Last Updated: 27 September, 2020
I have to admit that I’ve felt sluggish over the last few months and found it difficult to get going. I’ve looked at this from several different angles such as having the wrong tasks or working at the wrong times of day, but I’ve been missing the obvious; I’m lacking good quality sleep.
Adequate sleep is crucial to proper brain function – no less so than air, water, and food …Any amount of sleep deprivation will diminish mental performance The human brain
I’ve know for several years that getting more sleep would make me feel happier, but I suspect I’m now getting less than previously because I get so absorbed in the book I’m reading I forget to put it down (sometimes for hours).
After just one night without sleep, concentration becomes more difficult and attention span shortens considerably. With continued lack of sufficient sleep, the part of the brain that controls language, memory, planning and sense of time is severely affected, practically shutting down. In fact, 17 hours of sustained wakefulness leads to a decrease in performance equivalent to a blood alcohol level of 0.05% (two glasses of wine). This is the legal drink driving limit in the UK. BBC Science
I read I can make you sleep a six months ago and found it effective, so I think it maybe time to start implementing some of the suggested actions again; no television or computer an hour before going to bed, no reading in bed and no caffeine after 2pm.
So why do I keep ignoring that I require sleep? I don’t know. However, I can say I am not alone in ignoring things that essential for life; for instance, how often do you think about water availability? Probably not very often because you are used to turning on a tap and water appearing, but water really is essential for life; without it you are unlikely to live longer than 5 days.
The human body is anywhere from 55% to 78% water depending on body size. To function properly, the body requires between one and seven liters of water per day to avoid dehydration. Wikipedia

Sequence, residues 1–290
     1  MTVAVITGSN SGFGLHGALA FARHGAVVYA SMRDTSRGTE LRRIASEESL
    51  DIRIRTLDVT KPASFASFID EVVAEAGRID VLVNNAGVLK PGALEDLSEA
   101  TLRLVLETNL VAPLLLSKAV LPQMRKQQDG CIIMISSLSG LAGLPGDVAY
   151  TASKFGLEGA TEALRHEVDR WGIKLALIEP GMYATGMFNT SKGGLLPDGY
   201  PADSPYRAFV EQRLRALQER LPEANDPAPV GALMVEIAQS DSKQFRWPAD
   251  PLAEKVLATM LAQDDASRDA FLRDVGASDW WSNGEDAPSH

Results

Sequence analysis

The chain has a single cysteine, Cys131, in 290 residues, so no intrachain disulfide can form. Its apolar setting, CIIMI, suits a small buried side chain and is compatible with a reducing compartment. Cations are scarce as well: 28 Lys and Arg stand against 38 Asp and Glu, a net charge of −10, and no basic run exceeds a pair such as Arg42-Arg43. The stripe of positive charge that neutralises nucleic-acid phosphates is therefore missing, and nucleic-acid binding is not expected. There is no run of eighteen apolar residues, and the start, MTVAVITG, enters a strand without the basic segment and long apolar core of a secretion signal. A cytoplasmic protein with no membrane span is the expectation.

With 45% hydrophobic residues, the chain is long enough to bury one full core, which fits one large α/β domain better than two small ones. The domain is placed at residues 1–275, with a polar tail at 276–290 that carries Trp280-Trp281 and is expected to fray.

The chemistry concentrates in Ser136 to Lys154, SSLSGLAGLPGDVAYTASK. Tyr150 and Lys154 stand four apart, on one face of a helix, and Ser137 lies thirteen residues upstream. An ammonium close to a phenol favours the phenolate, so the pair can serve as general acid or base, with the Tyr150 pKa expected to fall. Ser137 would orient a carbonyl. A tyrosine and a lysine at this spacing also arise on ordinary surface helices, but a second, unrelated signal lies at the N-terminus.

The problem is only 3% of the Earth’s water is fresh water and the majority of that is tied up in glaciers and ice caps (see the distribution of Earth’s water). The amount of water on Earth doesn’t vary much, but the human population has increase dramatically; doubling between 1927 and 1974. This means there are more people accessing the same volume of water.
The UK has less available water per person than most other European countries. London is drier than Istanbul, and the South East of England has less water available per person than the Sudan and Syria. Waterwise
My job involves advising businesses on water efficiency and encouraging them to invest in water efficiency technology and it can be difficult to get them to consider their water. I believe there are two main reasons; water is not yet high on the media’s agenda and water is cheap. In the UK, there is no market driven price, in fact the price is agreed for five years at a time, and many households pay for their water based on the size of the house instead of how much they use.
So, if the financial cost is low, it is important to show the value of water in other ways. How about thinking of the impact if water was not available? For a business water is essential; for instance it is used for cleaning, as an ingredient and cooling as well as usual domestic purposes. A business can’t exist without water, and with restricted water it can only do restricted business – either way it has an impact on available products and jobs. With less water for irrigation, food production is likely to be reduced or crops changed to once that require less water. Plus at home there will need to be a reduction of water usage such as showers and car washing. However you look at it, there will be a significant impact on society.
Just like sleep, water is essential for life and it is only through action that a difference will be made. I’m going to take action to increase my sleep, but if we all take action to use water efficiently we will make a difference globally.
- Water map shows billions at risk of ‘water insecurity’
- Hidden Waters: Embedded Water & Our True Consumption
- Rippleffect free water efficiency support for English businesses, sign up closes today 15th October 2010